If you’ve been playing Super Smash Bros. since the series’ debut on the Nintendo 64 in 1999 then you were probably tipped off to the loose narrative of the games thus far – and if you haven’t then Master Hand probably seems like one of the most bizarre bosses in gaming. But I digress, as the opening to that first game sets the scene perfectly for what each character really is: a toy.
Master Hand can be seen dropping characters onto a desk before setting the various books and trinkets up as the impending battleground. With a quick countdown and a snap of its fingers, the characters spring to life in an effort to batter each other. Super Smash Bros. Melee played into this even more by showcasing a hand throwing a Mario statue into an arena in the game’s opening cinematic before the iconic Italian sprung to life through the presumed power of imagination.
This mythos of the characters being play things seemed evident enough, but was officially confirmed in 2015 when the late President and CEO of Nintendo, Satoru Iwata, stated in an interview to TIME that this is indeed the story surrounding the Super Smash Bros. franchise and its various crossover matchups.
“What’s interesting about the Smash Bros. games, is that the Smash Bros. games do not represent the Nintendo characters fighting against one another, they actually represent toys of Nintendo characters getting into an imaginary battle amongst themselves,” explains Iwata. “And frankly that has to do with a very serious debate that we had within the company back then, which was, ‘Is it really okay for Nintendo characters to be hitting other Nintendo characters? Is it okay for Mario to be hitting Pikachu?’”
The gravity of the real Donkey Kong windmill punching Samus aside, this comment from Iwata officially made the narrative canon.
This also is exactly why trophies are such prominent collectibles in the main series. Still, who or what is Master Hand then? Well, it’s you. Master Hand is the creator and it brings these characters to life by giving them purpose. That’s why after the Master Hand has been defeated, the fighter returns to their original toy forms. The play session has come to a close.
On the other hand (awful pun entirely intended), the counterpart to this is Crazy Hand who is the destroyer. It’s that side of the creator that’s reckless, sporadic and wants to knock over the metaphorical tower of blocks that the other hand has just spent so much time setting up. They make up the right and left hands, respectively, and round out the idea of a real-world play session with figurines of these gaming mascots.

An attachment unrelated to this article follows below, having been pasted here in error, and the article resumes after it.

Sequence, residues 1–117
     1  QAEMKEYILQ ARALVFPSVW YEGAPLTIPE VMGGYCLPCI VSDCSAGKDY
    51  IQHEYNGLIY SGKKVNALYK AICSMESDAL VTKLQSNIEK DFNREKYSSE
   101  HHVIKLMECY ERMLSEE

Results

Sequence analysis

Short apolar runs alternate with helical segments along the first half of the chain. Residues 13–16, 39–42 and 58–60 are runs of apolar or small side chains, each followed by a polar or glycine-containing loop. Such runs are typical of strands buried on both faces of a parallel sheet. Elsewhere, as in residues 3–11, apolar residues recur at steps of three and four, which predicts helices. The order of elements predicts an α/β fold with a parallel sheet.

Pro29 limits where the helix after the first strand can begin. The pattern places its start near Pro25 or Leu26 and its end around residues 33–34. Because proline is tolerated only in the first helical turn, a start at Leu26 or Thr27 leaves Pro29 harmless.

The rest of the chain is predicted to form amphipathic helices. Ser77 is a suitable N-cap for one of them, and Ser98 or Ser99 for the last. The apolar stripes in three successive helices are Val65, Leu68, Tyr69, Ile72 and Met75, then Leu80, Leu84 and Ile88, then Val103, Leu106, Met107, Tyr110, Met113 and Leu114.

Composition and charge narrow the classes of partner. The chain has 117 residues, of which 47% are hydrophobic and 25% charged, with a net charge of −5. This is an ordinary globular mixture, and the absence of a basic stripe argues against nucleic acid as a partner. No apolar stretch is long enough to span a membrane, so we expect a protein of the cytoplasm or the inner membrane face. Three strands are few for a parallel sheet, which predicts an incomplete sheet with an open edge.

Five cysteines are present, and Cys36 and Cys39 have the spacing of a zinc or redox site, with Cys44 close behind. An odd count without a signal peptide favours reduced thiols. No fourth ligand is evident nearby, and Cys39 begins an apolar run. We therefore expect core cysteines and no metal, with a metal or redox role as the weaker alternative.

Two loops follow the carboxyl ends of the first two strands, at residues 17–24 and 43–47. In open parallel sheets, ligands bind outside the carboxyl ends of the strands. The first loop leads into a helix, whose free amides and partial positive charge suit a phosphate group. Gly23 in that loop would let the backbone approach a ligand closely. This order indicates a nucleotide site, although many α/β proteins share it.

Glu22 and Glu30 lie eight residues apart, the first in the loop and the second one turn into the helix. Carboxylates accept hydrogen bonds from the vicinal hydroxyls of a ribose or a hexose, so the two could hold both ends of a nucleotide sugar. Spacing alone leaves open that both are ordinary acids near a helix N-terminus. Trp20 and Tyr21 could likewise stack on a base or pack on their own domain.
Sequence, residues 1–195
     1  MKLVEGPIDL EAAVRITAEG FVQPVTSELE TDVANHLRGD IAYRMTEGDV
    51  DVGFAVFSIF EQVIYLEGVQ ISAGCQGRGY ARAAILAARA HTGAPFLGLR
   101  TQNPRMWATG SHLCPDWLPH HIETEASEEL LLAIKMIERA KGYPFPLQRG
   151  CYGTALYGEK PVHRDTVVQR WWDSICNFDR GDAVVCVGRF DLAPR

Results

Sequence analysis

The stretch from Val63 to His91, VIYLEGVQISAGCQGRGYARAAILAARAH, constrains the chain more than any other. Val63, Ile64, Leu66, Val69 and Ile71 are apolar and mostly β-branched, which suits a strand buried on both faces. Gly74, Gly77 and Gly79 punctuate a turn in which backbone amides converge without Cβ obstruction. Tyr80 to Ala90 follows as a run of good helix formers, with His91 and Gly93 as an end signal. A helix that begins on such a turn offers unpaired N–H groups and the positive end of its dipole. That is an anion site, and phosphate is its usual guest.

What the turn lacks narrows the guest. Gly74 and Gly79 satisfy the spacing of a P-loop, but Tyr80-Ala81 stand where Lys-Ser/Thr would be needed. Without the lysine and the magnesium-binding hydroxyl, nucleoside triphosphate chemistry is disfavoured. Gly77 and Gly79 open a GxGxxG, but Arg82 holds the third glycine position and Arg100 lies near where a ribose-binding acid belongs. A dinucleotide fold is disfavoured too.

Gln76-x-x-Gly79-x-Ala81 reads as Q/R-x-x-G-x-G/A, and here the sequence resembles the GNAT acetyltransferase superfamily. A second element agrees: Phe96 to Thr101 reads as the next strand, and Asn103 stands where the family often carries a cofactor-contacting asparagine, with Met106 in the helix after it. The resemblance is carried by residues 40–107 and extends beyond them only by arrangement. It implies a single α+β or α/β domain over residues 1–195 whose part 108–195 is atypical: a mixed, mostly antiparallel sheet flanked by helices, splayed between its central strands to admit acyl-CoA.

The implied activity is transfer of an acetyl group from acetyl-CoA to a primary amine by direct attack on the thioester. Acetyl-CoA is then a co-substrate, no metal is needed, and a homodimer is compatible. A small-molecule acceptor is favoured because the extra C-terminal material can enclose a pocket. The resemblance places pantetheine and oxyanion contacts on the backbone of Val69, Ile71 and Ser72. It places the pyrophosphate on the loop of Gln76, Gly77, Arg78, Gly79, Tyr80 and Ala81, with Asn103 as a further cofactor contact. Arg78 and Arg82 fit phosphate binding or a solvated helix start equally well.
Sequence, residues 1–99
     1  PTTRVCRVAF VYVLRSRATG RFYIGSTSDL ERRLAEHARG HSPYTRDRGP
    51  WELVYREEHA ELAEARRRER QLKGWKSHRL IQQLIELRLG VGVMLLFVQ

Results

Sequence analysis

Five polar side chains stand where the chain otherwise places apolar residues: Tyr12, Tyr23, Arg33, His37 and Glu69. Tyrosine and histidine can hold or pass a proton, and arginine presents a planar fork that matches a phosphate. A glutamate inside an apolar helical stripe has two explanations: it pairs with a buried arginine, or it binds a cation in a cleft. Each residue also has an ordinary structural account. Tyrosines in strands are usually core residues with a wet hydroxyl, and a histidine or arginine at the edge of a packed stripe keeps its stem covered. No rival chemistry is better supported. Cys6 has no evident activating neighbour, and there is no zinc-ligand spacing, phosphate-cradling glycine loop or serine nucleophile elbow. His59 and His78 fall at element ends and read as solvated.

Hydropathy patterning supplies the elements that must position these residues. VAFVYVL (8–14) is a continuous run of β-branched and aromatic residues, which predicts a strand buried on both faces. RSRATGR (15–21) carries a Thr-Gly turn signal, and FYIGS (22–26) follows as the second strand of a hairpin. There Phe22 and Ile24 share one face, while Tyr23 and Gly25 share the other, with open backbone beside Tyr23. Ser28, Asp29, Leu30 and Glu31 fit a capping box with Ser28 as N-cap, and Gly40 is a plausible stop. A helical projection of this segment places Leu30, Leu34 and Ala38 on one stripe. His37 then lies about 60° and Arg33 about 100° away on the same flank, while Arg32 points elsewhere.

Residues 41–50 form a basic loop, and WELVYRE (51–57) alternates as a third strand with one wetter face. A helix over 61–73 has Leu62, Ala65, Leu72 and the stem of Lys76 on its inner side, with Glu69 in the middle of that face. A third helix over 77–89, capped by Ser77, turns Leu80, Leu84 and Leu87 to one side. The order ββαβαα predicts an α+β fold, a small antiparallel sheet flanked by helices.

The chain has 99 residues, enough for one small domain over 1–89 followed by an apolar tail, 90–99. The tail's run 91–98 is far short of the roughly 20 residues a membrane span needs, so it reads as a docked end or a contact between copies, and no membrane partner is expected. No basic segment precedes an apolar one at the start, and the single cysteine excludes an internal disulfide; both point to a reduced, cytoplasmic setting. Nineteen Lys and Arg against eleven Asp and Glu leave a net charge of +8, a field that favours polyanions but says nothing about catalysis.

Brawl changed things up though, introducing a new character known only as Taboo through the title’s Subspace Emissary mode. For those that haven’t played through the campaign, spoilers lay ahead, but it turns out that this being is controlling Master Hand in a bid to have some of Nintendo’s most popular heroes permanently retired with the help of the company’s more villainous characters.
The name Taboo says it all, as the Cambridge Dictionary states that the word is defined as “an action or word that is avoided for religious or social reasons.” Playing with toys as we get older is often viewed negatively by society, which is why this “Taboo” is controlling Master Hand. It’s attempting to sideline the creator’s ability to play with their favourite toys because it’s not what those around them want from it.
Ultimately, the player is able to overcome Taboo and free Master Hand, but it’s a rather sad story when gamers sit down and truly look at it. Given the themes at hand, the narrative is comparable to that of Andy’s toys in Toy Story; albeit entirely video game focused.
Super Smash Bros. Wii U/3DS then built upon the mythos with Master Core, which there are several major theories already floating around about – although nothing definitive has been revealed about the newfound overseer of Master Hand. Here’s hoping that plot is touched upon again in Super Smash Bros. Ultimate.
Super Smash Bros. Ultimate arrives exclusively for Nintendo Switch on December 7, 2018.
You can find Riley on Twitter at @TheRileyLittle if you wanna chat Smash with him. He tweets about that game a fair bit. It’s “on brand” some may say.